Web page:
5 Handwriting Helpers for Older Students
by Katherine J. Collmer, M.Ed., OTR/L
on the Handwriting is Fun! Blog
To describe the challenge of teaching (or reteaching) handwriting to older children as a tug-of-war is an understatement!
Unfortunately, they have learned so many ineffective habits that their motor memory for handwriting resists any changes. When a young guy or gal resists a try at slanting the paper and says, “But, I write better with my paper straight up and down” when, in fact, his or her handwriting is illegible…well, that’s just a natural response to the pull on an ingrained motor memory. And messy, unreadable handwriting may appear to be simply the result of a student’s rushing through his work; but, in fact, it can be due to handwriting skills that have not been fully developed and the inability of the writer to produce fluent and automatic letter formations.
Steve Graham, during his tenure as a Curry Ingram Professor of Special Education and Literacy at Vanderbuilt University, authored an enlightening article, “Want to Improve Children’s Writing? Don’t Neglect Their Handwriting.” In this report, he shares research that indicates that while most people’s handwriting becomes fluid and automatic, “researchers do not yet know when most youngsters reach this point, but it does not appear to be during the early elementary years. In grades 4 to 6, handwriting fluency still accounts for 42 percent of the variability in the quality of children’s writing and students’ handwriting speed continues to increase at least until grade 9.” With that said, it is definitely not too late to tug on the motor memories of older students!
So, how do we do that, you say? I’ve put together 5 starting points to lay the groundwork for improving handwriting skills of older children.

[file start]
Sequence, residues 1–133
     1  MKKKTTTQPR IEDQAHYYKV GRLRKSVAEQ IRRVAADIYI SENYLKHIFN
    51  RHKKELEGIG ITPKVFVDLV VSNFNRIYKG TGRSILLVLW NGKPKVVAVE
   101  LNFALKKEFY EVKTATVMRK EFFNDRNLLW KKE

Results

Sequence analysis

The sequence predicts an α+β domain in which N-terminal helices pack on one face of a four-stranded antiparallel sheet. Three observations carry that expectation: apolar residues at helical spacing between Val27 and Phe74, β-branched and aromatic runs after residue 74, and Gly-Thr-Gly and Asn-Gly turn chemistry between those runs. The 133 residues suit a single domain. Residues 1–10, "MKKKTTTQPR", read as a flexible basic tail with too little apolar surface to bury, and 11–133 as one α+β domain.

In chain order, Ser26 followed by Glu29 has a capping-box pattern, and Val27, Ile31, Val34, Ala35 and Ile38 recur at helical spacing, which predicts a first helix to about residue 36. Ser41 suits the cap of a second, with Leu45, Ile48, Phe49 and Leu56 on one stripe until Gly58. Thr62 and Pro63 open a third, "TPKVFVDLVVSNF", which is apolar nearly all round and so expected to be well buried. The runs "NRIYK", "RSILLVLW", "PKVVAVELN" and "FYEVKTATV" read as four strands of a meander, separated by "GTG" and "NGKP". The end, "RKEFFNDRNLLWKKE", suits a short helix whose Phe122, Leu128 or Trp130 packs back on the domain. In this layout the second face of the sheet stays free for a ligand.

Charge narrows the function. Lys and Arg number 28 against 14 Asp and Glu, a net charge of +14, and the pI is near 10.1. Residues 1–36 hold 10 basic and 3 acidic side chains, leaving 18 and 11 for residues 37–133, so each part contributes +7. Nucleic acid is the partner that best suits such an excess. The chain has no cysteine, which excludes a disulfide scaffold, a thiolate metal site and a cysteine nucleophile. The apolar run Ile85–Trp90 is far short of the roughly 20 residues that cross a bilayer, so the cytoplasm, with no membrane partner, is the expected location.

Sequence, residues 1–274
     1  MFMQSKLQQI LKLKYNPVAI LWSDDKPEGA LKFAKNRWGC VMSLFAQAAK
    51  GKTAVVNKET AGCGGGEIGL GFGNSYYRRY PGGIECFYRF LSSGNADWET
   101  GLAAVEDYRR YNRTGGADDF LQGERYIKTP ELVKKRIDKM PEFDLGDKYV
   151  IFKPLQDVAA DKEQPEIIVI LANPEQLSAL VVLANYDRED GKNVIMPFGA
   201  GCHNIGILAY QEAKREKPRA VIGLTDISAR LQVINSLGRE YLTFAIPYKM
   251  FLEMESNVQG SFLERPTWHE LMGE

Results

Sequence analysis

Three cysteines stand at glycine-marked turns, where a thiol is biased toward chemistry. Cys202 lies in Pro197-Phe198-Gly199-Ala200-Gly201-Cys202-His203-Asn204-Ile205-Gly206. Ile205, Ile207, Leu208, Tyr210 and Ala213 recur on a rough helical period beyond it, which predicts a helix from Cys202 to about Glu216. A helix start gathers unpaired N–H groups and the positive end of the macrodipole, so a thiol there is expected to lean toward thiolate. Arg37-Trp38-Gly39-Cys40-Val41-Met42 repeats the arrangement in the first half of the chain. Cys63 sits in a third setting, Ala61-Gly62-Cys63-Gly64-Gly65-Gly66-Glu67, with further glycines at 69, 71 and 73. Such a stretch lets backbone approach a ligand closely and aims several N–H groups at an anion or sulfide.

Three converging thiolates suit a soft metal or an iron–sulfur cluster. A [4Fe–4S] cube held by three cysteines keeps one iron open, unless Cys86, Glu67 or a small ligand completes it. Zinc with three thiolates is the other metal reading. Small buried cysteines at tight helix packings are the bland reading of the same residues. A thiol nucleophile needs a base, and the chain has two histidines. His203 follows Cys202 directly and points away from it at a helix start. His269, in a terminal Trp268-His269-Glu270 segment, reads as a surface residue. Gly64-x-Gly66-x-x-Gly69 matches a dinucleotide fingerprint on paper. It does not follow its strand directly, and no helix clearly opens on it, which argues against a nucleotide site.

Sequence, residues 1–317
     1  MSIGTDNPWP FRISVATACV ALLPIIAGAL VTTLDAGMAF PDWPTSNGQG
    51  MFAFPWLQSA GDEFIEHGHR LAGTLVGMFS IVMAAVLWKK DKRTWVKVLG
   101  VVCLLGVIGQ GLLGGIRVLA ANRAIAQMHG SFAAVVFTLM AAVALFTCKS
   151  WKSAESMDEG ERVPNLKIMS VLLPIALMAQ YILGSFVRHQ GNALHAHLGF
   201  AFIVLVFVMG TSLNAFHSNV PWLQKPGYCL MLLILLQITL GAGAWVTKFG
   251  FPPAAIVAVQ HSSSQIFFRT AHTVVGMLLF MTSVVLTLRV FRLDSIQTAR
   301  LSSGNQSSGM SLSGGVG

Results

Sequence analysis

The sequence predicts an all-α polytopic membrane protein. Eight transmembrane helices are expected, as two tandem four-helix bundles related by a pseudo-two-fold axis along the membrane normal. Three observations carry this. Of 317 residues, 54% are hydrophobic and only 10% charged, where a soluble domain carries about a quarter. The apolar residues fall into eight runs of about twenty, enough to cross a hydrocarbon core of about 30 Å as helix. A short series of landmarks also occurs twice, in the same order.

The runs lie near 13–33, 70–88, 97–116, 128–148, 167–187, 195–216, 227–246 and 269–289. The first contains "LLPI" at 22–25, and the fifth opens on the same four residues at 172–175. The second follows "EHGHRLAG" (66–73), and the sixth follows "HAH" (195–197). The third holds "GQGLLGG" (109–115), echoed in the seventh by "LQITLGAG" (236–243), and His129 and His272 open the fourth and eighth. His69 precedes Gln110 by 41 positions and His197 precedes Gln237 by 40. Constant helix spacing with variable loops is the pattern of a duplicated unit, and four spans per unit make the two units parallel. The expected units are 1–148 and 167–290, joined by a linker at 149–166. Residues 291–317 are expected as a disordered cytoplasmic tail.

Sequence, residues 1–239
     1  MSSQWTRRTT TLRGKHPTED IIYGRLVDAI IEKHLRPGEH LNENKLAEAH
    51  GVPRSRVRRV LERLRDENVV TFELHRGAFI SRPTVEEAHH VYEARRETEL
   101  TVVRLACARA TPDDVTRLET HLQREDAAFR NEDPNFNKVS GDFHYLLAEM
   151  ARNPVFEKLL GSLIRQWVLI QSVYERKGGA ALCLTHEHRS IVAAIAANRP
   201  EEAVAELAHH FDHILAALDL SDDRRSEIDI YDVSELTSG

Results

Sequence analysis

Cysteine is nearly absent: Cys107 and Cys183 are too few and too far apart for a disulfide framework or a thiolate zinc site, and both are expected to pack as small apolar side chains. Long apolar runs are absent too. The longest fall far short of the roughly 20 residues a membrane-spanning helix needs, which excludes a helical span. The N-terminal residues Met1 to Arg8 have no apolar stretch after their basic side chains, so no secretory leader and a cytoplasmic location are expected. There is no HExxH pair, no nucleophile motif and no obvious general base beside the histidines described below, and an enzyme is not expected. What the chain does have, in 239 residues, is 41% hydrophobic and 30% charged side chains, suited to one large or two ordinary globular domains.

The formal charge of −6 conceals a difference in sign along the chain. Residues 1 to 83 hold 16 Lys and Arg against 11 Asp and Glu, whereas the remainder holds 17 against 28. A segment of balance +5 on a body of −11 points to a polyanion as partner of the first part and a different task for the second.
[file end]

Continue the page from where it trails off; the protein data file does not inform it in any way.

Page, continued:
It’s important to remember one very significant point here: If a child is struggling with handwriting in 2nd, 3rd, or 4th grade, then chances are that there is an underlying cause that has more to do with vision or cognitive skills than with sitting down at a desk and reproducing the letter “c” 4-5 times per line! Hence, it is important to seek some advice from your child’s doctor, as well as an occupational therapist who is trained in handwriting skill assessment and remediation.
OK, NOW THAT WE HAVE THAT OUT OF THE WAY…
1. First, I cannot stress enough the importance of appropriate body and paper positioning!
As we age, we develop our own “style” of sitting posture. This is actually a result of the seating arrangements we’ve been exposed to, as well as the physical strengths that we have acquired, throughout the first years of our lives. Posture – “shoulders back, back straight, and eyes forward” – is not a luxury and should be taught early in a child’s educational experience. Good posture provides students with the tools they need to utilize rhythm and movement to produce fluid handwritng strokes. We can only help them to learn the correct posture if we provide them with the appropriate chair and desk heights that address their individual needs.
Once we have positioned the body effectively, we need to align the writing surface efficiently to allow for a smooth, legible handwriting style. A slightly slanted paper provides right-handed writers with the ease of gliding across the paper, while it also lessens the chance for left-handed writers to smudge their work.
2. Now we can focus on the “reinvention of the pencil grip!”
Children with weak muscles in their upper extremities have often adapted to that by grabbing hold of the pencil for dear life and pushing it into the paper! Some have no idea that their grip is too loose and are frequently having to pick the pencil up off the floor as it “seems to fall out of my hand all of the time!” I’d like to say that all you need to do is to find the right adaptive pencil grip. HOWEVER, I’m not going to say that because then we would be jumping to a Bandaid fix before we address the underlying cause of the problem.
Learning a new hobby is fun, too!
Learning a new hobby is fun, too!
As with any other muscle development program, exercises that are designed to address specific muscle groups are the foundational elements of a fitness plan. I’ve learned over the years that older students tend to follow through on a program if it interests them! A fine-motor exercise program can include art projects, music practice, gardening tasks, and sports practice. Once you have their interest, then you can offer strengthening activities such as modeling clay, finger strengthening exercises for guitar skills, arm and hand exercises to enhance their baseball game, or hand strengthening activities for gardening tasks. They won’t even know they are working on grip strength!